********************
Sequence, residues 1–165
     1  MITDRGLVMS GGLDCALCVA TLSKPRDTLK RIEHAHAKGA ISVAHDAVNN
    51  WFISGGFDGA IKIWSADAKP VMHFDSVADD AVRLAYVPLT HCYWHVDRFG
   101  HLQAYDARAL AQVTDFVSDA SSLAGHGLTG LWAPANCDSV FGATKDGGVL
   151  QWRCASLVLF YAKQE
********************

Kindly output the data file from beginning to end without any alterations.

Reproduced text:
Sequence, residues 1–165
     1  MITDRGLVMS GGLDCALCVA TLSKPRDTLK RIEHAHAKGA ISVAHDAVNN
    51  WFISGGFDGA IKIWSADAKP VMHFDSVADD AVRLAYVPLT HCYWHVDRFG
   101  HLQAYDARAL AQVTDFVSDA SSLAGHGLTG LWAPANCDSV FGATKDGGVL
   151  QWRCASLVLF YAKQE